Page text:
Kelsey Richardson: Uncovering neonatal nurses’ perceptions of Kangaroo Care

Kelsey Richardson ’15 (NURS) earned her bachelor’s degree this spring and shares her “accidental” journey into research in this essay.

I had never thought upon entering nursing school that research was even a remote possibility for me. When my advisor suggested joining the Honors program my sophomore year, I was interested but a little hesitant. I thought Honors meant taking extremely hard classes and losing all my free time. Instead, in the nursing program, Honors meant finding an advisor and completing a research project with their guidance and expertise. Then, finally, if you found new results, you would be able to submit your findings to be published. This sounded interesting to me and thankfully I took my advisor’s advice and started an amazing journey down the research path for the past three years. I learned that not only is research ever changing, but even students can make discoveries that can improve the practice and lives of others.

Kelsey Richardson
Kelsey Richardson ’15 (NURS) presents her research poster at the 2015 ATHENA Nursing Research Conference.

My trip down the research road started with finding an advisor. I was lucky enough to meet Dr. Xiaomei Cong, who is involved with so many amazing projects it was hard to pick just one to make my own. We decided that I would use a survey that had already been created and tested to further investigate neonatal nurses’ perceptions of the phenomenon known as Skin-to-Skin Contact or Kangaroo Care. First, I completed my preliminary literature review, searching multiple databases to see what was already published about Kangaroo Care. Not only did I learn about this intervention, but I also learned how to search the databases, save my results and pick out was and was not important. These skills helped me immensely in the next few years as a student when we needed to do research on a multitude of topics for various classes.

I then started the meticulous process of getting IRB approval before I could actually send out my survey. After this, I was able to send my survey out and we received more responses than I could have ever dreamed. This did prove to be slightly overwhelming when it became time to analyze all the results, however! Around this time, in November of my Junior year, I was lucky enough to receive the SHARE award from the Office of Undergraduate Research. Both my advisor and I received a stipend for our work, which greatly helped with my project. Not only did this make me feel as though my research was really worthwhile, but it was the best feeling to believe that others felt that my research was important enough to be recognized.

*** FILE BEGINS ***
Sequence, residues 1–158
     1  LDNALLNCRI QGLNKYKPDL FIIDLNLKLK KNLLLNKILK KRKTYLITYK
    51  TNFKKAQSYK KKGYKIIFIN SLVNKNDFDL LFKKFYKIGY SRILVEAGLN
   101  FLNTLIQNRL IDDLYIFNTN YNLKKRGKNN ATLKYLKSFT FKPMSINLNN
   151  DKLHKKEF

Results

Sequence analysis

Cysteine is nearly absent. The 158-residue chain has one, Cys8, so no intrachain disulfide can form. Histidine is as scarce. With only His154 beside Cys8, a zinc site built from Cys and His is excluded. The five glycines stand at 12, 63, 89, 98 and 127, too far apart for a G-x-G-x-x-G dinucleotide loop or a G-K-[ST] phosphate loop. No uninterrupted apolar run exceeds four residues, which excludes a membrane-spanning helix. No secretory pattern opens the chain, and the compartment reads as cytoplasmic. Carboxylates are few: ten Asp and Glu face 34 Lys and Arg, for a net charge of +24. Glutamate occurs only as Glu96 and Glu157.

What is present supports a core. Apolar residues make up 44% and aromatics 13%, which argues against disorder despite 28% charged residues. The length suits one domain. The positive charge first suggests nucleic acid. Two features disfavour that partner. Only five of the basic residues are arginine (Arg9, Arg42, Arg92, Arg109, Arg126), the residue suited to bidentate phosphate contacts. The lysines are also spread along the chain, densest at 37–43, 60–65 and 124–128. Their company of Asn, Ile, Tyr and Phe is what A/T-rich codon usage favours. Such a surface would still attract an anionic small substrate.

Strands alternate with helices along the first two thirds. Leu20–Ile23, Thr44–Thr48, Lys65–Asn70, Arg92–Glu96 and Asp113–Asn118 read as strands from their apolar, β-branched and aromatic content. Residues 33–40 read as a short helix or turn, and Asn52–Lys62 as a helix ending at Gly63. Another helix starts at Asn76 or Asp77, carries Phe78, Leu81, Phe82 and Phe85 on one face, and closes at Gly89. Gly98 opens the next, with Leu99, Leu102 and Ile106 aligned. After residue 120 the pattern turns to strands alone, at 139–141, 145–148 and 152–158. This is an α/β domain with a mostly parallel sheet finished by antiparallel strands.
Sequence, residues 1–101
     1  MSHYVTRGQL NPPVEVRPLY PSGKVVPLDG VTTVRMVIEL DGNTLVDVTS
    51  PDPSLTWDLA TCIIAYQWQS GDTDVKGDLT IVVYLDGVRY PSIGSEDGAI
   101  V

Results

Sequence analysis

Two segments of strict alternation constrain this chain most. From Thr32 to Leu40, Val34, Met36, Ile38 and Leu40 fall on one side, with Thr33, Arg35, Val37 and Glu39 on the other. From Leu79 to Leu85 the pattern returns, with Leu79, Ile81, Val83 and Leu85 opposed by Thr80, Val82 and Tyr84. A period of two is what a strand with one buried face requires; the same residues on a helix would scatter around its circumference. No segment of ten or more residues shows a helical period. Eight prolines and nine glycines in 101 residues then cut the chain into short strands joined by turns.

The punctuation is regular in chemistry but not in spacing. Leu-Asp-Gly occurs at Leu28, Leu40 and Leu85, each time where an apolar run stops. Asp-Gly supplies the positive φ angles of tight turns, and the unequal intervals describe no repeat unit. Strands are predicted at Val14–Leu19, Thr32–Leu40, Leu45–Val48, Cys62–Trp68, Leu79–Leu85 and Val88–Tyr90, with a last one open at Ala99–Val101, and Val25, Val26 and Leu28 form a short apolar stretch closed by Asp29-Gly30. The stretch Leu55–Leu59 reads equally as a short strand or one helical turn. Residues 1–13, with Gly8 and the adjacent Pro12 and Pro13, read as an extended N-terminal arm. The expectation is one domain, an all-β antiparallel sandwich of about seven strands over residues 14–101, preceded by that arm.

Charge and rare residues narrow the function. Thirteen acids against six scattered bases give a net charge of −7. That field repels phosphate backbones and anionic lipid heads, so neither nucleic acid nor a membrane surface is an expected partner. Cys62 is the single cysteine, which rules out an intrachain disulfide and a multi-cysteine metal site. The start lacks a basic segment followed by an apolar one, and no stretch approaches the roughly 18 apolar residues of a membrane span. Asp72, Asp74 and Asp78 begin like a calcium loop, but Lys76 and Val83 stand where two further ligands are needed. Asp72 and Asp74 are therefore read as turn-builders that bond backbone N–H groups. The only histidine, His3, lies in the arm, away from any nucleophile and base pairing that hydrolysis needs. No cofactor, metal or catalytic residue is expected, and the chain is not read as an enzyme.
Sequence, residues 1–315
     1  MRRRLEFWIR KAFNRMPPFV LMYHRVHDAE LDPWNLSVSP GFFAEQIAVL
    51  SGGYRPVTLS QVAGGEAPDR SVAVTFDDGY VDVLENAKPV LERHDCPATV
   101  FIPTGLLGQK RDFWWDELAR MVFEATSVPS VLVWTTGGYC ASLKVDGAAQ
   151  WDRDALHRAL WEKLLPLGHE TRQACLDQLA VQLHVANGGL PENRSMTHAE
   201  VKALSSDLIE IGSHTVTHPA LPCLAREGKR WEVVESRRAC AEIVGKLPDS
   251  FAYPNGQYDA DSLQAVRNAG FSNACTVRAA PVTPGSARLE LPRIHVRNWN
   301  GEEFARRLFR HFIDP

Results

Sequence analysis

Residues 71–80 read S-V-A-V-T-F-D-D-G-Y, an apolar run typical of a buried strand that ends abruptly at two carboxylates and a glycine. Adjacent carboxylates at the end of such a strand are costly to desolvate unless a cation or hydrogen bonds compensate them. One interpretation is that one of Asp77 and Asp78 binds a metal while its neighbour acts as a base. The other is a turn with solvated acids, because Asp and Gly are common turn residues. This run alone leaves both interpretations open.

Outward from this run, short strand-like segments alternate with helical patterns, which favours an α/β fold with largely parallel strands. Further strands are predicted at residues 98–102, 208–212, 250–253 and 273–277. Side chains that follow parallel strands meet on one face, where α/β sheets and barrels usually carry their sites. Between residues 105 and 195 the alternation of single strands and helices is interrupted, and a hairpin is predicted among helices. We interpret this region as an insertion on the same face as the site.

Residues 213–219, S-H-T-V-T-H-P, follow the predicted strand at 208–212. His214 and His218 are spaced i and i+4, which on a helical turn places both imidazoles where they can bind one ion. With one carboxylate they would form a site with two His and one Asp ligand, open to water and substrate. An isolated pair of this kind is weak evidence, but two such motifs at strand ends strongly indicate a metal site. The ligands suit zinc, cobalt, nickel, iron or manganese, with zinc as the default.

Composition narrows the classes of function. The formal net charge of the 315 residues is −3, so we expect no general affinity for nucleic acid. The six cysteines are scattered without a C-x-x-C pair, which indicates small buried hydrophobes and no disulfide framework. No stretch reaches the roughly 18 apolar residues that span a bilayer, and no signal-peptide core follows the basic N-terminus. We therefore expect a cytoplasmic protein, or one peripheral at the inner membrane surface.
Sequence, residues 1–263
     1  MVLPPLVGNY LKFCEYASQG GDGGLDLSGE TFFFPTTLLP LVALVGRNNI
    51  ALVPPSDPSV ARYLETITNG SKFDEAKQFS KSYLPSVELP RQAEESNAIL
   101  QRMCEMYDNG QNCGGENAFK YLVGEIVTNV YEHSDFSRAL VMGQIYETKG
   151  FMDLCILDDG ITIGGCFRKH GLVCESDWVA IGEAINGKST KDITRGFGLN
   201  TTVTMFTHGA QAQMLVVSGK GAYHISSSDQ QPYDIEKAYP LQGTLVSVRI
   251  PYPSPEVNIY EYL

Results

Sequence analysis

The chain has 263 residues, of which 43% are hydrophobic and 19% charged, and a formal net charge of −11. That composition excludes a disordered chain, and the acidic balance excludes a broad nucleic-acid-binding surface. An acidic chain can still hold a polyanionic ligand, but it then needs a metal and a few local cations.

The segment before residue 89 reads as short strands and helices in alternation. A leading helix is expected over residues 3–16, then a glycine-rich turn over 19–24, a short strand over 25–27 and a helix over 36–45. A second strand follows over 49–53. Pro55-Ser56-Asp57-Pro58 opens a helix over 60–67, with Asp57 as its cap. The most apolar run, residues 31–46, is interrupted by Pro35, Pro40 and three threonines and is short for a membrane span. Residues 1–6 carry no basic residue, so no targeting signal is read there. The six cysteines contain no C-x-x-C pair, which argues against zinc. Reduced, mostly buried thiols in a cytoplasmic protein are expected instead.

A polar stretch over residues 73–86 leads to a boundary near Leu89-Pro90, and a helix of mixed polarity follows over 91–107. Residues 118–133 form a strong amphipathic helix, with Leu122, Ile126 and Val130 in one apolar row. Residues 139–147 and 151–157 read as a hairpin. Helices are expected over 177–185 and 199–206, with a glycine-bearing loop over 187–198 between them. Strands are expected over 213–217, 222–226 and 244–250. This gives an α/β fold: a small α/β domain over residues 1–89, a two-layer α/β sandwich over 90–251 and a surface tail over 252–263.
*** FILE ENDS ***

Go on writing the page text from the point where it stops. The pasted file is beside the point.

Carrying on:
Now that we had funding and survey responses, it was time to analyze the data and begin the most important part of my Honors thesis: the discussion. Simultaneously while writing my thesis, I also created a poster which briefly summarized everything I had done since beginning my research with Dr. Cong. It was presented at the Frontiers in Undergraduate Research poster exhibition and again the following week at the ATHENA nursing research conference at the UConn School of Nursing.

As the semester winds down, I am putting the final touches on my Honors Thesis and wrapping up loose ends. Even after my thesis is submitted, further descriptive analysis will be run on my results and I will continue to assist my advisor in writing up our research, which will be submitted to be published in the near future. Looking back, I cannot believe how far I had come from the admitted freshman who declined the Honors program initially to the poster-presenting senior who is about to submit her lengthy Honors Thesis. I have learned more than I ever thought I could between qualitative and quantitative analysis to literature searches. I have met so many amazing mentors in this process and could not be more grateful for the Office of Undergraduate Research and their support along the way. I would recommend the research program to any ambitious student who has even a slight interest. You never know where that interest may lead.